VFW Aquatic facility’s first season a success
By Lee Reinsch
DE PERE – The first full season of the VFW Aquatic Facility on the city’s west side has been deemed a success – surpassing attendance records for residents and non-resident attendees alike.
Marty Kosobucki, director of Parks, Recreation and Forestry, said the VFW pool, which opened in June 2021 and features a zero-depth entry pool, two body slides, kids splash area and diving boards, drew 15,266 daily users.
Of that, 8,026 were city residents and 7,240 were non-resident users.
Daily users brought in $95,102.97 in revenue.
In comparison, daily users at Legion Park pool across town totaled 4,155 and brought in $20,234.30.
Approximately 1,000 people purchased memberships – individual, family, senior and lap swim passes – to one or both pools, including 702 residents and 269 nonresidents, for a total of $99,482 in membership revenues.
Kosobucki said staff plans to also look into implementing a point-of-sale system to speed up queues and keep track of guests.
The VFW pool was closed in 2019 for repairs and also in 2020 due to the pandemic.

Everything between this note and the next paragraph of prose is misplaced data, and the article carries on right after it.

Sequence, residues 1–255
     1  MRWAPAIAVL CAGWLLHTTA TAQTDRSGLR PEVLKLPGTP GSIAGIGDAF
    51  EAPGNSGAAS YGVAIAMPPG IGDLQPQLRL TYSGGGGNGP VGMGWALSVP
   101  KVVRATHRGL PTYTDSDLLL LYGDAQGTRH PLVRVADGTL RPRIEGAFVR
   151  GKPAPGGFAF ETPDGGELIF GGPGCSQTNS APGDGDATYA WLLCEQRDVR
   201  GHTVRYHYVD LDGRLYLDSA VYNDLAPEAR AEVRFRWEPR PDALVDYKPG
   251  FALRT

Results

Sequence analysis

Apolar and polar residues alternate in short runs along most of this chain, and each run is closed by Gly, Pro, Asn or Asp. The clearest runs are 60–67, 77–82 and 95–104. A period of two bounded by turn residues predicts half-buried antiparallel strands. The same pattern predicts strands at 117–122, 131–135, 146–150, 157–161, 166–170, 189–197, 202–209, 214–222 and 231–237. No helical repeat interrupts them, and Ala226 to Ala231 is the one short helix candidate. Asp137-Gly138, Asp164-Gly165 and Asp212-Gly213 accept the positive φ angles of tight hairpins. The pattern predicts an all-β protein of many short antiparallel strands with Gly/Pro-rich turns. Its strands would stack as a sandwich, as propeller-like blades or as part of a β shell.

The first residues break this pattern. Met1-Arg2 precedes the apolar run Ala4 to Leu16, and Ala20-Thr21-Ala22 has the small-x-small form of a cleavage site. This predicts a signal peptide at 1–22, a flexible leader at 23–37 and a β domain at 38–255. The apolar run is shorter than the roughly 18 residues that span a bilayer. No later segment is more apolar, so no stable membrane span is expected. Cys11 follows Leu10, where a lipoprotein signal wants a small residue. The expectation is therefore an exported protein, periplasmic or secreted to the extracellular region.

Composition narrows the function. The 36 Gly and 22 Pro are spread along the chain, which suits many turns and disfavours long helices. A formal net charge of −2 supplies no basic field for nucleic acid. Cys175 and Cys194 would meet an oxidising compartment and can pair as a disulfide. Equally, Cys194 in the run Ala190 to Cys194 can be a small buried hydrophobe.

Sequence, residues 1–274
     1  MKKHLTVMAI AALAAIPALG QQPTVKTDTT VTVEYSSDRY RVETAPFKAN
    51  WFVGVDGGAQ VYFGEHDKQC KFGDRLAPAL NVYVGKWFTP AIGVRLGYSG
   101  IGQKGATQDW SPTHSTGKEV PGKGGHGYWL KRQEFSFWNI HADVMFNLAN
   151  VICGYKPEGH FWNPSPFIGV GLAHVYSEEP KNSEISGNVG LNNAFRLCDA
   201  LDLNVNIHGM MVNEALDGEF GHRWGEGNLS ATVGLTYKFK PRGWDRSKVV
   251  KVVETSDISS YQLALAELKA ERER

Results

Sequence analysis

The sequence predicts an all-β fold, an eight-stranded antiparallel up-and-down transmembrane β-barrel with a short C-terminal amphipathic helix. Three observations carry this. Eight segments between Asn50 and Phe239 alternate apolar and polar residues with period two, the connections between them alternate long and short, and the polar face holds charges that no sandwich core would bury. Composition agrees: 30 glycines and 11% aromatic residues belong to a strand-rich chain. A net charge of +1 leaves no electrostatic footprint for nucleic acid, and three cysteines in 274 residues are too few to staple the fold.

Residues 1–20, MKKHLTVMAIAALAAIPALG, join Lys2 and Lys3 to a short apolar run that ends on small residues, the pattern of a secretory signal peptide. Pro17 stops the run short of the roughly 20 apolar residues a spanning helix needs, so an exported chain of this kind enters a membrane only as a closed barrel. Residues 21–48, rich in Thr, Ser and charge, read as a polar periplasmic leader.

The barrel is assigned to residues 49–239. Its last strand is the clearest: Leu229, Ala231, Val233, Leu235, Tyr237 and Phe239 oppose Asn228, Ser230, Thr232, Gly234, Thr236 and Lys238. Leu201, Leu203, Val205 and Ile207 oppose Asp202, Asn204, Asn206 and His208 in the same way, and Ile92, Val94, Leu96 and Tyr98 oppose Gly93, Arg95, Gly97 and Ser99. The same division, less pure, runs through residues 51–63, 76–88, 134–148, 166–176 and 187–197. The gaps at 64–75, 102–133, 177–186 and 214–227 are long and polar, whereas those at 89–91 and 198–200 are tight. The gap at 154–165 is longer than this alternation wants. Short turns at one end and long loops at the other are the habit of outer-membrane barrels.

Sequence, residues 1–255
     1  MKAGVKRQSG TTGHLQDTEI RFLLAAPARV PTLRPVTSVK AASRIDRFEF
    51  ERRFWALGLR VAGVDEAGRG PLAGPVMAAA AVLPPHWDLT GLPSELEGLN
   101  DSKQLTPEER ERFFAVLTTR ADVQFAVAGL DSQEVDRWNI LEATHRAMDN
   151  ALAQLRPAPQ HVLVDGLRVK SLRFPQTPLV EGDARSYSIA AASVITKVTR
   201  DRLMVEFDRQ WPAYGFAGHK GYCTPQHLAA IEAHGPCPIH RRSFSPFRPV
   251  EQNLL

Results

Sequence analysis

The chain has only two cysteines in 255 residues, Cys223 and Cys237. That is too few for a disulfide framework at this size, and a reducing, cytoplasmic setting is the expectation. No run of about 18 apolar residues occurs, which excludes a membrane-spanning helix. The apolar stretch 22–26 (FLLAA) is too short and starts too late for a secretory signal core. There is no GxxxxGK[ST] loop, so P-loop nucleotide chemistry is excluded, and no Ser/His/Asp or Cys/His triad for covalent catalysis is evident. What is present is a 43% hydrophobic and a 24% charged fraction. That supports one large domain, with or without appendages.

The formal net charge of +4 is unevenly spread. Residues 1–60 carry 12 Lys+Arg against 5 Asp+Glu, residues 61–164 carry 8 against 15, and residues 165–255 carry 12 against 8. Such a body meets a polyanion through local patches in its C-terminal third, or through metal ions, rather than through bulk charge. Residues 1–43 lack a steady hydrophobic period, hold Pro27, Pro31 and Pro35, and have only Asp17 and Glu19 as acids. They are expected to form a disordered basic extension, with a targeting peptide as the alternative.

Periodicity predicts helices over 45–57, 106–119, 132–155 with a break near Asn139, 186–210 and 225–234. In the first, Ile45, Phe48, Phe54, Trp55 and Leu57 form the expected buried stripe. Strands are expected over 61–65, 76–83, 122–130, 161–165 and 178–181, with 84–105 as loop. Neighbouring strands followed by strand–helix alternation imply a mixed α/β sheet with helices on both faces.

The last full season the VFW pool was open was in 2018.
That summer, Kosobucki said the facility drew 11,656 daily users, and the parks department sold 629 membership passes to one or both pools.
Revenue for the two pools in 2021 totaled $278,262, but expenses were around $34,000 more than expected – at $391,262.
Kosobucki said a chunk of that could be attributed to the increased use of utilities, which was magnified by ongoing trouble with the pool’s mechanical system.
“It was not running right all season,” he said. “We had constant battles with our mechanicals, and when it runs that much, it’s using a lot more energy.”
Kosobucki said staff believe they found the cause toward the end of the season, but won’t know for sure until they get the pool up and running again this summer.
At the Board of Park Commissioners meeting Feb. 17, Commissioner Melissa Thiel Collar asked whether public pools generally break even.
Kosobucki said he knew of none in the state that did.
“They’re all subsidized,” he said. “Pools are a loss leader, even for a YMCA.”
Kosobucki said he would keep commissioners apprised of the situation going forward.
He said because of an aggressive wage scale for seasonal employees adopted by the city, the parks department has 80 to 90% of the lifeguards it needs for next summer’s pool needs.
Kosobucki said lifeguard positions have been difficult to fill in recent years due to other activities students are involved with.